The coming of the railways in the 1840s caused a devastating decline in long distance coach travel and wagon haulage. This had been the main sources of toll income to the turnpikes and as a result, turnpikes such as the Stokenchurch Road saw their income halve between 1838 and 1845 (Figure 8.14). Unfortunately, a decade earlier, this trust had increased its borrowing to unprecedented levels in order to finance major improvements to the eastern sections of the turnpike. Just prior to the arrival of the railway, the debt stood at £15,000. In 1836, concern had been expressed over the size of this debt even with the substantial income from tolls. Although this trust had the largest income of any in the county, it also administered a particularly long section of a major highway. Nevertheless, based on income per mile, the trust should have been as financially sound as those on the Bath Road (Table 8.2). Emergency measures were taken as the crisis loomed. The salaries paid to surveyors had been reduced and Mr McAdam was asked to monitor more closely the amount of stone used and the gang foremen had to account for expenditure on a weekly basis. In 1841 the trust resolved to reduce the width of the roadway maintained by its surveyor to only 21 feet.
After what must have been an awkward few years, the trust reached a new financial equilibrium. The fall in traffic meant that less repair work was needed and more of the routine maintenance was passed to the parishes. The trustees appeared sufficiently confident in their management of the road that when the General Act for closing turnpikes came before Parliament, they sought to justify continuation of the Stokenchurch Trust for several more years. It was normal for mortgages to oppose closure of trusts since this inevitably precipitated the loss of any remaining capital and the loss of annual interest to them. The proposal to continue was strongly opposed by the Oxford Highways Board. They pointed out that the expansion of Oxford had led to housing developments beyond the starting point of the turnpike and that residents of these houses were paying road rates, yet were subject to tolls as well. The trust came under pressure as the threat of closure approached and it became clear to many bondholders that they would face considerable financial loss. The trust had a bonded debt of £13,555 in 1870 but the income to the trust was still sufficient to pay bondholders annual interest of up to 4%. However, the assets of the trust were considerably less than the debts, so it was inevitable that the bonds could not be fully honoured. If the bonds were redeemed at a fraction of their face value, the much smaller amount of principal would become apparent and the re-invested capital would yield far less than the turnpike bond. The biggest bondholder, Mr Edwards, made representations to the Local Government Board but to no avail. The trust was told to prepare to close in November 1878.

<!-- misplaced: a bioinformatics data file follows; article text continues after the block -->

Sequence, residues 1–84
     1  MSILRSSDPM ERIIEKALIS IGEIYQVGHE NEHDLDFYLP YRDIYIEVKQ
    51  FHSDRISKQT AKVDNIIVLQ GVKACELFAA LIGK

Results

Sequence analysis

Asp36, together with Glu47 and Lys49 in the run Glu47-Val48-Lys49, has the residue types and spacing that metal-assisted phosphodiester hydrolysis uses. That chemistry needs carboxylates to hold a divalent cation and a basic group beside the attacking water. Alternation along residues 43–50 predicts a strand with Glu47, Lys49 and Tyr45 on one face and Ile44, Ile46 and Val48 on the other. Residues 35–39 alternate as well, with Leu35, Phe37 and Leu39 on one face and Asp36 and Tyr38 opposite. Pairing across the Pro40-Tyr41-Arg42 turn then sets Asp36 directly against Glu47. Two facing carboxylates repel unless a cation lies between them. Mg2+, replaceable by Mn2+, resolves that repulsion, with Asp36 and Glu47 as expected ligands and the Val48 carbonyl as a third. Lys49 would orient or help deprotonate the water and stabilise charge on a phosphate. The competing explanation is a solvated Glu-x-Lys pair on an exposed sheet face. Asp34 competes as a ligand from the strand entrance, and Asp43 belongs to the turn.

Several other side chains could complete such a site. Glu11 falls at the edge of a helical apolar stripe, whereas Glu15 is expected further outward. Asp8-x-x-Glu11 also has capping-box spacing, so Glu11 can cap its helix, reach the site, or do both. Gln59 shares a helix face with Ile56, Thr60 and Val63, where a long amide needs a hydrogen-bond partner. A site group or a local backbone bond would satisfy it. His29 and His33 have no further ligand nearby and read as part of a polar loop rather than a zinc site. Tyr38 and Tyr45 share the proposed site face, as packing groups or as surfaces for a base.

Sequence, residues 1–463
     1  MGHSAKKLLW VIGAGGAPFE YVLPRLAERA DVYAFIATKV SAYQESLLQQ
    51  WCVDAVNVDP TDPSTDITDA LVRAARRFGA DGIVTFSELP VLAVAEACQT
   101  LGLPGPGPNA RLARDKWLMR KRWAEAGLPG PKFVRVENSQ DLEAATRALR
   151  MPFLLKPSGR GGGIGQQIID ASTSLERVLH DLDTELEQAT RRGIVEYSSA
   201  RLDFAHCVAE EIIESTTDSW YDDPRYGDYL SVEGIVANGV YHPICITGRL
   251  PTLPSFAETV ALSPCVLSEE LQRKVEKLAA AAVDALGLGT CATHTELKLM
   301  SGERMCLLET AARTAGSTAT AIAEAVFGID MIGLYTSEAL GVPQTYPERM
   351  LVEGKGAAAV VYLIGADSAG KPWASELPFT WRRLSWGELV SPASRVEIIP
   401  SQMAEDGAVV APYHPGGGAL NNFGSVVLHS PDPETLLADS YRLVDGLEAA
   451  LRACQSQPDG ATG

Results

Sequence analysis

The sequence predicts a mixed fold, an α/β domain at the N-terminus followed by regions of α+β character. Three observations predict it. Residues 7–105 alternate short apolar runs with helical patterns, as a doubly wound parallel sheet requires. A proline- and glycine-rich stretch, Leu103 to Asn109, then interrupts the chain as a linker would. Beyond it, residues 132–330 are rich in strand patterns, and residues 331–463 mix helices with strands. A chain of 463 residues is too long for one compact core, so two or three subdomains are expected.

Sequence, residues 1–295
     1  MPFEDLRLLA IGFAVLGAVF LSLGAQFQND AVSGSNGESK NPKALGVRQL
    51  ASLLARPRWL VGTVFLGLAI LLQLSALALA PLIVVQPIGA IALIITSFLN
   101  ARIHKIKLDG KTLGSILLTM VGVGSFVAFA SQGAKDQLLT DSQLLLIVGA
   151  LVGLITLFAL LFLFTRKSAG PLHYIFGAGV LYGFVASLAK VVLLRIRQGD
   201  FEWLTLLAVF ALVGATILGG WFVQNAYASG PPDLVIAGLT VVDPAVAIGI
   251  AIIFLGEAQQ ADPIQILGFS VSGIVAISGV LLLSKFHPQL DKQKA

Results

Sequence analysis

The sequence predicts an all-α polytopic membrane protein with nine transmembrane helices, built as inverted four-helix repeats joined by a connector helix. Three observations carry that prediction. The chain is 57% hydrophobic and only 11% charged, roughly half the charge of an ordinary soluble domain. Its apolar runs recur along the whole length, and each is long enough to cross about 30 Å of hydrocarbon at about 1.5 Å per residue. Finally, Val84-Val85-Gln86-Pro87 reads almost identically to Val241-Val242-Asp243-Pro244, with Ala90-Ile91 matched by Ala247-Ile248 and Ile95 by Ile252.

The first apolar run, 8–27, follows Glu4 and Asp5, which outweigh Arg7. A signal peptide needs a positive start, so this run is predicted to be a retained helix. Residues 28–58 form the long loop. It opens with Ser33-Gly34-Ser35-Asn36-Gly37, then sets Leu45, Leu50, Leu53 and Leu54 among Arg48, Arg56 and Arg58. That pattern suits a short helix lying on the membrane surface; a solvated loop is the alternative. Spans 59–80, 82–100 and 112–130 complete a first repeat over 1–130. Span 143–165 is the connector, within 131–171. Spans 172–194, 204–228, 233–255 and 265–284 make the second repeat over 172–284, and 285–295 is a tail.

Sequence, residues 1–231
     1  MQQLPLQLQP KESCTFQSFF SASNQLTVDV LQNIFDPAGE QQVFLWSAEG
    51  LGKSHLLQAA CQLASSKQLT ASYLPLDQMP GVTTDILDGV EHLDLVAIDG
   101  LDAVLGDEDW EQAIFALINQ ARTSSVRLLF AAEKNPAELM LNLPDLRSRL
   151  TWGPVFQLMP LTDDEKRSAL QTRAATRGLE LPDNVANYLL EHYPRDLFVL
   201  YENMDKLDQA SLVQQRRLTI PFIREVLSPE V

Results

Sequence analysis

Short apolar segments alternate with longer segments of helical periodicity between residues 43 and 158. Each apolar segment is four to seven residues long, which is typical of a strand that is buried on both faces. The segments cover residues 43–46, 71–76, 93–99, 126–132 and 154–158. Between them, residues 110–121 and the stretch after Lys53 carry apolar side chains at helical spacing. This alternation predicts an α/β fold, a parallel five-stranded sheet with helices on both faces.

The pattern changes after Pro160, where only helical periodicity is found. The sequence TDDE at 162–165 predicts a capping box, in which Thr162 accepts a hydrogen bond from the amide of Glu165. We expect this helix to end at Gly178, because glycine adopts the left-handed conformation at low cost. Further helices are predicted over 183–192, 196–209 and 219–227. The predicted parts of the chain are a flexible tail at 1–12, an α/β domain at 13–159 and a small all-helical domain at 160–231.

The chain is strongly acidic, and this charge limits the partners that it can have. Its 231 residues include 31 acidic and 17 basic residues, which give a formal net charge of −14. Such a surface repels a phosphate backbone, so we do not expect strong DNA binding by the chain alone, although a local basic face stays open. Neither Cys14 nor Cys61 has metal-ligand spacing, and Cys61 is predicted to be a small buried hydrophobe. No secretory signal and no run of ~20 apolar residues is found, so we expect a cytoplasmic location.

The main assets were the tollhouses but there was not total freedom to dispose of these. First the Highways Board had the option to "throw them into the road" if they were a significant obstruction. Next the occupier of the adjacent land could ask for them to be demolished and could then buy the land at a fair valuation. If neither of these options were taken up, the property was to be auctioned. In the case of the Stokenchurch Road, the Islip and Langford Lane Toll-houses were demolished for engineering reasons. Mr Ashhurst asked for the Wheatley Toll-house to be pulled down and Mr Brown demanded the same at Stokenchurch. They each then bought the land. The remaining tollhouses at Headington, Begbroke and Tetsworth were auctioned along with the materials recovered from the other properties; mainly the gates. The Headington and Tetsworth tollhouses were bought by the County for £162 and £66 respectively and Sir H.W. Dashwood paid £65 for the Yarnton tollhouse. The auction, conducted by Jonas Paxton at the Crown Inn, Wheatley, in September 1878 raised only £2,478 in total, quite insufficient to cover the outstanding loans of £13,355. As a result the bondholders such as the vicars of Bampton (holding £1,300), Mr Edwards (£2,970), the three Higgins sisters (£975) and the trustees of the late General Stanope received only 3s-8½d in the pound, just over 18% of the face value of their bonds. In this respect the Stokenchurch Trust was one of the biggest failures in the region. Many of the large trusts on the Bath Road had paid off their debts in the good years (Table 8.3) whereas smaller turnpikes such as the Besselsleigh Trust, had not been committed to major improvements and had continued to prosper from local traffic.